Also, why is that on applications the next question is: Have you ever been convicted of a felony? And in parenthesis it states (Note: a conviction will not necessarily bar you from employment…)?
This says to me that you can be convicted of a felony and still find a job but you can never be fired from a job? What are your thoughts?
A: To answer your question, those convicted of a felony do have some additional protected rights compared to someone who has “just” been fired. This situation is government-driven and not being created from an employer. Employers typically have to be ready to prove that any disqualification due to a criminal background has a tie to the position (for example, a serious theft crime for someone who will be handling sums of money).
I never recommend anyone should falsely state that you have never been fired if you have. How much you state is often determined by the reason for the termination. Generally speaking…less is more. It is better to get into the details of the situation in-person, rather than on paper (even then I would recommend limiting the detail).
A Second WNY Job Seeker Also Concerned About a Past Termination:
Q: I was fired from a job before, of course, this looks bad on an application. How can I word it so it doesn’t work against me?
A: This is one of the more frequent questions received. I am not sure the reason for your job termination and the severity of the particular situation that required you to be separated.
In general, less is more in this situation. If the application requires your reason for leaving, then I never recommend committing a fraudulent act by not being truthful. You can, however, answer the question by providing as limited detail as possible. Be prepared, however, to explain yourself in a positive, learning experience way during the interview.
The reality is being fired from a job (I assume you are not referring to economic job elimination) is something that will work against you. This is why employees should attempt to avoid being fired. Once you have been terminated, however, the focus should shift to how it was a learning experience and how you will not allow it to happen again. The key is to not make a ton of excuses, don’t dwell on it, and take accountability.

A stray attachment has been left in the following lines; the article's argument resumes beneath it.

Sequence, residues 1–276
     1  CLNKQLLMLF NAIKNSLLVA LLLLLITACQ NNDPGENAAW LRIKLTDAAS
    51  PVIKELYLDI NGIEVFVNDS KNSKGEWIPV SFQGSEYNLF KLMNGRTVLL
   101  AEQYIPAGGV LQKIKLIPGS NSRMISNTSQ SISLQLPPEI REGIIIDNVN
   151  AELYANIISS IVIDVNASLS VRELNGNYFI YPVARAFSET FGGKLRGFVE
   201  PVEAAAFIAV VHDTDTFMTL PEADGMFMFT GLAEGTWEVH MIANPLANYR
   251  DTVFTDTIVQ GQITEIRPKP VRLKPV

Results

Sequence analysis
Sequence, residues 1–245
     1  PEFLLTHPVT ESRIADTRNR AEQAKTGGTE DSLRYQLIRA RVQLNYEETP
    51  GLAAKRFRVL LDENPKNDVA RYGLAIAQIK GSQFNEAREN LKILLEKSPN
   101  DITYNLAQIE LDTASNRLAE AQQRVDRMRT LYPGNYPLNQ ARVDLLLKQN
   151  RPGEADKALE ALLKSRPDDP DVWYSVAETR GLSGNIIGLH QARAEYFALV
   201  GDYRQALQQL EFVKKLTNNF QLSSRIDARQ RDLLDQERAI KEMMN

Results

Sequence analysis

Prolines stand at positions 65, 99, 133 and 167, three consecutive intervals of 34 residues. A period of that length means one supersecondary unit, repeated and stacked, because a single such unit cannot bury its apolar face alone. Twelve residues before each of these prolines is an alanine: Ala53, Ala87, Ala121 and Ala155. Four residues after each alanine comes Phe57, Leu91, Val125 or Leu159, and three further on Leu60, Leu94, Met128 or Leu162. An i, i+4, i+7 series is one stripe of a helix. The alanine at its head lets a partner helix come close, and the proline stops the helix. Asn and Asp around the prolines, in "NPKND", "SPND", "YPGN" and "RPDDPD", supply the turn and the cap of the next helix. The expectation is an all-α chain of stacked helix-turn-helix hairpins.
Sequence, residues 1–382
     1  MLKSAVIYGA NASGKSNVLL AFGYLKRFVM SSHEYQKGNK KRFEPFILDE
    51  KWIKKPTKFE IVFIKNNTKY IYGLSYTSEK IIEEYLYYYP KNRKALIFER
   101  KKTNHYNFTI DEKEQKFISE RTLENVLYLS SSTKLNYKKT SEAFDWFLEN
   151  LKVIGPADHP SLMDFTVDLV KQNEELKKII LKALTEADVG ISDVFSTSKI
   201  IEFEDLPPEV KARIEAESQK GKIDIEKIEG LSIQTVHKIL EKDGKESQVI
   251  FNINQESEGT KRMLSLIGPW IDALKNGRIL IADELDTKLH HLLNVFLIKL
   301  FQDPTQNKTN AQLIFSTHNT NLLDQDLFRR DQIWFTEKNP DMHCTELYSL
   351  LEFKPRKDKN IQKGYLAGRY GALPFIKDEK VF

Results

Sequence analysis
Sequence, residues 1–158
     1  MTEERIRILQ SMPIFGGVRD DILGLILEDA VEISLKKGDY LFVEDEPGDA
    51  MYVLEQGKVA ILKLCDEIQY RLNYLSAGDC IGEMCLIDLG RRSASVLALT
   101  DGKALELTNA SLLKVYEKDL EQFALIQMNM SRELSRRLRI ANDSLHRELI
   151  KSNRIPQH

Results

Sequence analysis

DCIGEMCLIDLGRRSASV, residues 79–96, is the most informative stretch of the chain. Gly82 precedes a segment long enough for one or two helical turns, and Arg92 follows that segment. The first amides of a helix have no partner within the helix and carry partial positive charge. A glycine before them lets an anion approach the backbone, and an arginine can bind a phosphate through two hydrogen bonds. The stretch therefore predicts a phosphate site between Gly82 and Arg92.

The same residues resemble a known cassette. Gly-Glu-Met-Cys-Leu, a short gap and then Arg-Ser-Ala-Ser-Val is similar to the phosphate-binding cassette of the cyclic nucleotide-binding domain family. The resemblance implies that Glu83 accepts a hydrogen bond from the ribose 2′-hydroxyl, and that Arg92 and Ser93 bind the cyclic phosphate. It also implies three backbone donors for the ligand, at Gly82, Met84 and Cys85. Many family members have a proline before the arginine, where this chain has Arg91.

WNY Job Seeker Dissatisfied with “$200” Resume:
Q: I was reading your article in the WNYJOBS.com magazine and was wondering if you could look at my Cover Letter and Resume because I am not having much luck getting any interviews and I paid $200 to get my Resume done by a professional. Any helpful feedback would be appreciated.
A: I have a few comments regarding your Cover Letter and Resume.
Let’s start with the Cover Letter. The Cover Letter should have at least 1 point that directly links your Resume to the position you are applying for. Other than inserting the company name into the 1st line, this document appears to be a generic one. My suggestion is you take the position description and match up your skills to it by highlighting, in the Cover Letter, where you shine.
Your Resume, in my opinion, is very basic and not overly compelling. The hard left justify with the massive amount of white space from center-right presents a very sparse appearance to the document. I am a fan of concise Resumes with “white space”, but this has too much in my opinion. With your Work Experience, I would place that above Education. Education goes first when you lack experience, or you have a poor work history (which you do not). I am not personally a big fan of the Functional type of Resume. This appears to be a hybrid of a Chronological and Functional document. It is difficult to match your Key Competencies to where you applied them (and how recently). The Key Competencies also do not provide much background (ex. “Quality Control”) as to what you did.
You have your certification and a consistent work history. Both will be huge plusses for you. I do suggest that you modify your Resume to better highlight your attributes.
I hope you found interesting some of the items facing Job Seekers in WNY. You probably concluded that some of the same topics that are on their minds are also on yours. Keep those e-mails coming!
As always, best of luck in your job search.
The following has been prepared for the general information of RochesterJobs readers. It is not meant to provide advice with respect to any specific legal or policy matter and should not be acted upon without verification by the reader.
WNY Human Resources Professional
Feel free to contact Joe Stein regarding questions or comments at: